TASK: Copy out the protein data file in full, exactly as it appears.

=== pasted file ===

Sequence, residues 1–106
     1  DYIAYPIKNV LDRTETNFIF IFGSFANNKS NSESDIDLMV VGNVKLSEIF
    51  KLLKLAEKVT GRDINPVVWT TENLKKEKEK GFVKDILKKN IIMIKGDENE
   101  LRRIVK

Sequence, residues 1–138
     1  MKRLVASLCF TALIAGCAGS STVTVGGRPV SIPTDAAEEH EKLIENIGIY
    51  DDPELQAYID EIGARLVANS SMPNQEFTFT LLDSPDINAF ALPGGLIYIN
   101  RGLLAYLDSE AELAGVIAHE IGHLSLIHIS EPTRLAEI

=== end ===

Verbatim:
Sequence, residues 1–106
     1  DYIAYPIKNV LDRTETNFIF IFGSFANNKS NSESDIDLMV VGNVKLSEIF
    51  KLLKLAEKVT GRDINPVVWT TENLKKEKEK GFVKDILKKN IIMIKGDENE
   101  LRRIVK

Sequence, residues 1–138
     1  MKRLVASLCF TALIAGCAGS STVTVGGRPV SIPTDAAEEH EKLIENIGIY
    51  DDPELQAYID EIGARLVANS SMPNQEFTFT LLDSPDINAF ALPGGLIYIN
   101  RGLLAYLDSE AELAGVIAHE IGHLSLIHIS EPTRLAEI